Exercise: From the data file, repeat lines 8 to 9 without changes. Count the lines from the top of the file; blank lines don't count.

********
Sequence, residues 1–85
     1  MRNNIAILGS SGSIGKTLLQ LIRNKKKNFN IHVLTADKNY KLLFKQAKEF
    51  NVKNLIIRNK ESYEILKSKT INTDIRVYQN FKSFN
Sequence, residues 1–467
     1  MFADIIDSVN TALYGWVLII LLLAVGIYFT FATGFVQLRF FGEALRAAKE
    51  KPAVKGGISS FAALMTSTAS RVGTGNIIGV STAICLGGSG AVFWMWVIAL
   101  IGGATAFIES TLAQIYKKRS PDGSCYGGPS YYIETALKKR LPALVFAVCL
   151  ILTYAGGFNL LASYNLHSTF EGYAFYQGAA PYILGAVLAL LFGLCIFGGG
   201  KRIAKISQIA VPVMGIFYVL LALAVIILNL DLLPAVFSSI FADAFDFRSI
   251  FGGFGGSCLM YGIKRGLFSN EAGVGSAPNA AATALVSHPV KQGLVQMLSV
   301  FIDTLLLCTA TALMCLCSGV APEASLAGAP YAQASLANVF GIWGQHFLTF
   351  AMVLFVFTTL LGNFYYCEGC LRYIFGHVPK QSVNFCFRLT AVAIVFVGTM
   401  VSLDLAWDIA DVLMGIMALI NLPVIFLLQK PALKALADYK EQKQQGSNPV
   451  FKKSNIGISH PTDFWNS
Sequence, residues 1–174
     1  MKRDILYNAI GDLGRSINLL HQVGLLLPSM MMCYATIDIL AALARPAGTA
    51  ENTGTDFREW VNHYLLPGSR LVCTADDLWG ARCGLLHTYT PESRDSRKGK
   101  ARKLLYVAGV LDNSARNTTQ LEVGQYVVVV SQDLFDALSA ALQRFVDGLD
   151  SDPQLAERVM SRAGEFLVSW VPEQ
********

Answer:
   151  ILTYAGGFNL LASYNLHSTF EGYAFYQGAA PYILGAVLAL LFGLCIFGGG
   201  KRIAKISQIA VPVMGIFYVL LALAVIILNL DLLPAVFSSI FADAFDFRSI